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Moritz Von Oswald Trio

Horizontal Structures

(Honest Jon’s; US: 15 Mar 2011; UK: 7 Mar 2011)

Moritz Von Oswald’s Basic Channel projects were all about establishing borders, running fences around austere prisms of sound so as to not taint them with the glut of overindulgence.  His project with Vladislav Delay/Luomo’s Sasu Ripatti and NSI/Sun Electric’s Max Lodbauer as the Moritz Von Oswald Trio seems to wander through a hinterland looking for those borders, despite giving all his tracks restrictive names like “Patterrn”, on the previous release Vertical Ascent, and “Structure”, on Horizontal Structure.  The group has a jazzy tilt, exploring electro-acoustic space in a structured and controlled environment.  As on Vertical Ascent, Horizontal Structures’s four tracks each function like single, unmarked sides of a Double LP, seemingly roaming, but actually unilaterally navigating—usually employing rhythm as a compass—towards each next successive phase. Throughout the album, these phases touch upon Krautrock, ambient, techno, post-punk, dub,  psychedelic, deep house, free jazz, and other sonically adventurous movements.  It’s a wholly fluid affair, not anything like the fragmentary patches of Flying Lotus’s Cosmogramma, for instance.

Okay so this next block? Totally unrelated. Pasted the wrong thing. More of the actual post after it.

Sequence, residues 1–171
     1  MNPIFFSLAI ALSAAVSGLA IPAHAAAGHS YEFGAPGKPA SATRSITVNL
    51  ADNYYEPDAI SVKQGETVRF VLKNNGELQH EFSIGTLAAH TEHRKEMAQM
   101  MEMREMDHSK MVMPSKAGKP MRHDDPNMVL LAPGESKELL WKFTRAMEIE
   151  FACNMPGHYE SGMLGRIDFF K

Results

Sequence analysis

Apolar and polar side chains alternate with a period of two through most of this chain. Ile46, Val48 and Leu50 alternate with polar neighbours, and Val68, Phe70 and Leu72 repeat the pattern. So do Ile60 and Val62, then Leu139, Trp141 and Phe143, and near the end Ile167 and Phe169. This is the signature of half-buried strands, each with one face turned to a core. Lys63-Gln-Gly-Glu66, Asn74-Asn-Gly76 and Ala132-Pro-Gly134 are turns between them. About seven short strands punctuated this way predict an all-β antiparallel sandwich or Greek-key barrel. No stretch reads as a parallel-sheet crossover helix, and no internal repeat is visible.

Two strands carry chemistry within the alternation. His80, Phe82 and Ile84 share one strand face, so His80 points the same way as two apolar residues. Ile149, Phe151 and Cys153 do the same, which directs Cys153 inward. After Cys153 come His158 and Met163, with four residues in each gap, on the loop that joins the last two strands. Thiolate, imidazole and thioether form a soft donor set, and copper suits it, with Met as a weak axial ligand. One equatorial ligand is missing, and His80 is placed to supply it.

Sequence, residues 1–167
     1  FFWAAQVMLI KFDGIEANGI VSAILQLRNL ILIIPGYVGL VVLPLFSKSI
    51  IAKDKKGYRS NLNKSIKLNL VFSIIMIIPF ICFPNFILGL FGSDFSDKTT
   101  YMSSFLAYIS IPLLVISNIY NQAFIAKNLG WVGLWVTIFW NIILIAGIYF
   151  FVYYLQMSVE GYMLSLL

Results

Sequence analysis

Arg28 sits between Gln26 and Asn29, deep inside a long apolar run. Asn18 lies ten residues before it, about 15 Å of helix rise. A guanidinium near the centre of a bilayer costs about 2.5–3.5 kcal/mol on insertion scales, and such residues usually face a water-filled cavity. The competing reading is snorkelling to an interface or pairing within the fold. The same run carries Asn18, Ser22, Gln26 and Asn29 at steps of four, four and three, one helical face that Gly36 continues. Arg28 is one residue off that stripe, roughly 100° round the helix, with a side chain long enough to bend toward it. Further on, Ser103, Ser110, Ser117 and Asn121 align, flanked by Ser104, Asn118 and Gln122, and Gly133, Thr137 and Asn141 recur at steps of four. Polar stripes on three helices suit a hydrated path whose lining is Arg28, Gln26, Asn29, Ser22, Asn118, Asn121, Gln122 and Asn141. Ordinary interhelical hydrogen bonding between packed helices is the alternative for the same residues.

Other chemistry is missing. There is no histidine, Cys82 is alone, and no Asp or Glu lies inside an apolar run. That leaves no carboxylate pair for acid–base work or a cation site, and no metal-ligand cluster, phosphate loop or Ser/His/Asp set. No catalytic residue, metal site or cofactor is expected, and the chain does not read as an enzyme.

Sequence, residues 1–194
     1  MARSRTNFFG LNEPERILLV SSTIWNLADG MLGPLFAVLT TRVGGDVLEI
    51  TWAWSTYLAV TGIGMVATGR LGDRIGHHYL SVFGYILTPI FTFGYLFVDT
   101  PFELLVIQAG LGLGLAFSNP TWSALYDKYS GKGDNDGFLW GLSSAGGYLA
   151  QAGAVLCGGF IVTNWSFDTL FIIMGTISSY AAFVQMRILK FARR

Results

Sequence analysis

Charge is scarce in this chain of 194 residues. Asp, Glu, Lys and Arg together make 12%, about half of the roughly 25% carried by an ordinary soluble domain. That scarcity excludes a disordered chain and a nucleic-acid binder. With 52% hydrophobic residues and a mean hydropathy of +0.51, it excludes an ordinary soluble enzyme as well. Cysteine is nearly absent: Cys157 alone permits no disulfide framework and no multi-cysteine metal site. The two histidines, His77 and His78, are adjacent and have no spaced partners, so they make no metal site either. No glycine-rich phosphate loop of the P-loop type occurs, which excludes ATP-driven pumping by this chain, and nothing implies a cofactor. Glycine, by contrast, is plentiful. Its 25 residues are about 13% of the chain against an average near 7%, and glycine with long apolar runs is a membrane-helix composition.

Rhythms and grooves are sustained, but melodies rarely are here.  The so-called “Trio” on Horizontal Structures has actually been expanded to a quintet with Marc Muellbauer filling out on Double Bass and Paul St. Hilaire, whose sweet croon has fronted many a Von Oswald track, showcasing some pretty adept guitar playing.  As St. Hilaire’s guitar is often the most melodic thing in the immediate vicinity, the newcomer practically steals the show in the bulk of “Structure 1”, despite the subdued nature of his playing. 


This is not a showboating affair, however, it’s an ensemble effort, even with Von Oswald’s name at the center of it.  When the group struggles to find footing, the players at least stay together while finding their improvisational exit strategy. Horizontal Structures is an album that is meant to be listened to front to back, which is the only way you could do it really.  When it’s in danger of losing you, it pulls you back and makes you want to start the track over to find out how you got there.

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Timothy Gabriele is a writer who studied English and Film at the University of Massachussetts at Amherst. He currently lives in the New Haven, CT region with his fmaily. His column, The Difference Engine, appears regularly at PopMatters. He can be found twittering @Wildcorrective and blogging at 555 Enterprises.


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